Then we pick up our phones for one quick peek, which takes an hour.

You can call it a great business model or you can call it an addiction, but social media has made itself so indispensable to millions of Americans that they are willing to ignore problems that would be seen as outrageous in any other industry.

The second biggest problem is that we still call it “social” media, like a cocktail party, school dance or church gathering during strawberry season. (Dear St. John Lutheran Church in Westminster, Maryland: I still miss those ice creams.)

There is nothing “social” in a multibillion dollar industry. Facebook made $9.2 billion in profit during the first three months of 2021 (making Mark Zuckerberg, like Musk, profitable for the pandemic). YouTube brings in about $15 billion annually to parent company Google and in 2021, total TikTok revenue grew 70% to $58 billion.

Twitter has been losing money in recent years, but that’s definitely not the business plan; No social media platform is a charity (and Musk certainly understands that). It’s free because it’s paid for by advertisers who compete for your eyeballs, your personal information, and your purchase history. And increasingly, your ability to help create any site where you’re relevant to the star industry, news, and/or controversy. Because that’s what gets more people to sign up.

I am not saying that this is a good or bad thing. News media like The Times were once profitable enterprises financed largely by advertisers, as were broadcast television networks and a million other things. I’m just saying that it’s important to remember that social media is not a digital society; People don’t become tech tycoons just by giving you a space to chat with your old high school friends or getting an agent by posting a music video.

They have become tech tycoons by creating a media platform where unpaid users work hours every day, selling ads against it.

There are of course content providers making money from social media, artists discovered with a viral video, and a whole new career for social media managers. But mostly, it is an industry led by unpaid freelancers.

Obviously, as a member of the old media, I have my own biases. There is only so much advertising dollars and most of it no longer goes to the old media. I’m lucky to have a job that pays me to write stuff. For the journalist, social media has been an incredible blessing in many ways. Otherwise, how can you get so many people to talk more formally about so many things – and more frankly than they would with any reporter?

Then again, would people say the same things if a reporter, or indeed a real person, was asked about it? The peculiar public and private space of social media requires brief expressions of complex emotions and complex events. People come to it with completely different intentions and with varying degrees of sincerity (and sobriety).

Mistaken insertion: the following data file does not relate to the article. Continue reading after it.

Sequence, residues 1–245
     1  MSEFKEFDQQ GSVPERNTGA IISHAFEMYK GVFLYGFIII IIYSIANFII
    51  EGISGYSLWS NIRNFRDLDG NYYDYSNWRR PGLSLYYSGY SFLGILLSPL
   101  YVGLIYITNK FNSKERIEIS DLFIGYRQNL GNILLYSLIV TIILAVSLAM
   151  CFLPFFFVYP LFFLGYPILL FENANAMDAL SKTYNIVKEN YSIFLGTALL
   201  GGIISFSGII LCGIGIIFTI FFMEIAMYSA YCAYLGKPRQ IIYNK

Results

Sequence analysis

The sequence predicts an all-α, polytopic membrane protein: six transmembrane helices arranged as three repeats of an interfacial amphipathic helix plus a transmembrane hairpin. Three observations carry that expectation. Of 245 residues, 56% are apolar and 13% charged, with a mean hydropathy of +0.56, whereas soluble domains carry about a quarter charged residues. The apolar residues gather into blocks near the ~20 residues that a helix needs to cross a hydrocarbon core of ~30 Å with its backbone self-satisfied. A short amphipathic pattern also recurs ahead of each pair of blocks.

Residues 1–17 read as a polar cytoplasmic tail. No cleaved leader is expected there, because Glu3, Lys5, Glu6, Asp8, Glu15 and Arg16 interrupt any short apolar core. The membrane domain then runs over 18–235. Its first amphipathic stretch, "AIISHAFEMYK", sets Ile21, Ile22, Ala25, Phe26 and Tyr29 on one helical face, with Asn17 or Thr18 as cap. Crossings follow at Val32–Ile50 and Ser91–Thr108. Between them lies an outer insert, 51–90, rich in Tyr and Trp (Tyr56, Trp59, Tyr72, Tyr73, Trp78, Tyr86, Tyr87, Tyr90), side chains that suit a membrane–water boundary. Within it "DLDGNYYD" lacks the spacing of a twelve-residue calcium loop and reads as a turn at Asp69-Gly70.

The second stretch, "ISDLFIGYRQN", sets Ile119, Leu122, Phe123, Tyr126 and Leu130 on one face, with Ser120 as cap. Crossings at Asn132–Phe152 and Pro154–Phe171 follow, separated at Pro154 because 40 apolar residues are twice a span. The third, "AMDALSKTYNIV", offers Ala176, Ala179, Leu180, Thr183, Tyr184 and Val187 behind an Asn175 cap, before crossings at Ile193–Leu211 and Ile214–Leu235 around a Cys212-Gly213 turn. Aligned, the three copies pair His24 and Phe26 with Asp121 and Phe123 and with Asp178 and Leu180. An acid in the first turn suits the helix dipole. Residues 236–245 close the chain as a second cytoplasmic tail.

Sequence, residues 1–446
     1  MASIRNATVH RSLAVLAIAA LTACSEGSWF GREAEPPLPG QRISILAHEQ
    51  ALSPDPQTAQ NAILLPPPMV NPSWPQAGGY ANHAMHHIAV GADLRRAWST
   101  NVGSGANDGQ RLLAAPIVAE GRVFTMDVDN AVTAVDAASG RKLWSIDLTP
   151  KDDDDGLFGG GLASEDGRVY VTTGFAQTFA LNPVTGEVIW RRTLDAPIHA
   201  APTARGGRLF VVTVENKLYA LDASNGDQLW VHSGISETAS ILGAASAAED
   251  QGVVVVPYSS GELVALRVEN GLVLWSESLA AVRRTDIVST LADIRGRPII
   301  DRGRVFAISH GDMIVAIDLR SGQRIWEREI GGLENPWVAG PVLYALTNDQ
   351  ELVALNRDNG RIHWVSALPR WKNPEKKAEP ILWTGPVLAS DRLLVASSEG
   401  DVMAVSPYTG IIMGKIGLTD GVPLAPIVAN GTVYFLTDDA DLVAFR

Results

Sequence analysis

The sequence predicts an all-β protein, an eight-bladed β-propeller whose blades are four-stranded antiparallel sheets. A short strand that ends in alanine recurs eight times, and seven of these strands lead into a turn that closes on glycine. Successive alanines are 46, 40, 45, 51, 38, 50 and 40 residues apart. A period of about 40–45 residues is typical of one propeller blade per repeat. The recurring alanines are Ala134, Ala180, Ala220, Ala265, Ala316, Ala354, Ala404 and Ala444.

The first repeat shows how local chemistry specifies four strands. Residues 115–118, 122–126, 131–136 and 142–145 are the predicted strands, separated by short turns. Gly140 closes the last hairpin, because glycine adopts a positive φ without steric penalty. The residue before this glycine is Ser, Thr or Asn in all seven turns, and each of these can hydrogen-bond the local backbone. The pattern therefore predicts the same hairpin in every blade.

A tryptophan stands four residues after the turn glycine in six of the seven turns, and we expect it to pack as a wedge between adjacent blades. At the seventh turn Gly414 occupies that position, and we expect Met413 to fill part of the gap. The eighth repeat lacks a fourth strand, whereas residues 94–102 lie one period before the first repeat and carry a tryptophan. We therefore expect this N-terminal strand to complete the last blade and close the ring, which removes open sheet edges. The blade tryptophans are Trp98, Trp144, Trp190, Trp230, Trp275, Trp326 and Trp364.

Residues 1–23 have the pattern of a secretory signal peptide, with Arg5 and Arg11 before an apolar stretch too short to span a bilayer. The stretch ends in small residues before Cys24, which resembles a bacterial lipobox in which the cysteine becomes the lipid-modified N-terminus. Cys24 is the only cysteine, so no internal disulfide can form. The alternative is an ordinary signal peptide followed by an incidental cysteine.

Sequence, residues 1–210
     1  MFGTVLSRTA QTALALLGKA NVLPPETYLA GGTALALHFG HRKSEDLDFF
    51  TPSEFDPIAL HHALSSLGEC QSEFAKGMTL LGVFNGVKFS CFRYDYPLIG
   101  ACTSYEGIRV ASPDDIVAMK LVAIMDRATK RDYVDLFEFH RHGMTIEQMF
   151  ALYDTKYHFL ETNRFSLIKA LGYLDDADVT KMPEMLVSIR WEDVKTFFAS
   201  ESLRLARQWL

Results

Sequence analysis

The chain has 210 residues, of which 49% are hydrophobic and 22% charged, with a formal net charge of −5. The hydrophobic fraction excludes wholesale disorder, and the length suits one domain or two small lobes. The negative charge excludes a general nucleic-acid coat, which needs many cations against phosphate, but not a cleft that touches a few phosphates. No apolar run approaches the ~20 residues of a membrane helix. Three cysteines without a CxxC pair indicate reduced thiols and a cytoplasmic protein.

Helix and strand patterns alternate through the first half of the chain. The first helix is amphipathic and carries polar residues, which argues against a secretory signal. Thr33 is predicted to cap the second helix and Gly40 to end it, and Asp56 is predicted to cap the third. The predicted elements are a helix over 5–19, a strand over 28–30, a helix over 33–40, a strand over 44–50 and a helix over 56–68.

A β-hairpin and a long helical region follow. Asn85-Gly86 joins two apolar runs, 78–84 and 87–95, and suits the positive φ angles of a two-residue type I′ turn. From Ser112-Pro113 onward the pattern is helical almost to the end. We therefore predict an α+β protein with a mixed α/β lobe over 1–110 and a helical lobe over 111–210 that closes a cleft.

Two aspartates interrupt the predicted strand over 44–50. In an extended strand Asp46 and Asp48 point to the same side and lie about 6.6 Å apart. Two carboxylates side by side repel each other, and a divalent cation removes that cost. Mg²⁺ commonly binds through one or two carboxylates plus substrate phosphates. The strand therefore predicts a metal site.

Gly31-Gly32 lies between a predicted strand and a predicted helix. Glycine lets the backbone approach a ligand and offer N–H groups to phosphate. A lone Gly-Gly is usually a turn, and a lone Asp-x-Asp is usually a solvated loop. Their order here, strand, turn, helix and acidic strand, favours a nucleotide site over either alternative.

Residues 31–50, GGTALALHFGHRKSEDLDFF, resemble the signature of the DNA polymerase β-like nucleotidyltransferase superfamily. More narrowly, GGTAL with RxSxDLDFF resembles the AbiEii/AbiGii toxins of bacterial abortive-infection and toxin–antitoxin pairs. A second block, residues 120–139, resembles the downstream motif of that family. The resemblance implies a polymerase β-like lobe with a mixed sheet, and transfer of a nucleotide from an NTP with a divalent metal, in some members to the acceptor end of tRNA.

Sending ideas, opinions or even facts to the ether where they will be confronted with all kinds of response from strangers always makes the sender and respondent vulnerable. Without any censorship of the content, it is what it is – changing the world and glory or predatory, dangerous and sometimes criminal.

This will usually be part of the column where I provide concrete solutions, but I’m not sure I have any. Attempts to classify social media empires as publishers rather than platforms, where they will have legal responsibility for what they publish, have so far been unsuccessful, in part, because it would irreversibly alter the nature of the beast.

Normally, I would resist putting the solution to the big social issues on the shoulders of the already overburdened individual, but that may be upon us.

This is not a call to “stay off social media” — I will be tweeting and posting this column and, without a doubt, pictures of my adorable puppy in the near future. But let’s be mindful of the industry we support, and realize what they’re doing, or allowing to happen, in places we might not see. Many of us actually avoid certain companies because of where they invest, the way they treat their workers, or statements made by CEOs. And unlike every other industry, this new kind of media has no product except the one we make collectively.

So make them aware of what the term “social media” can mean. Advertisers and their money go where people are, and that choice is literally in your hands.

Mary McNamara, Los Angeles Times. Visit latimes.com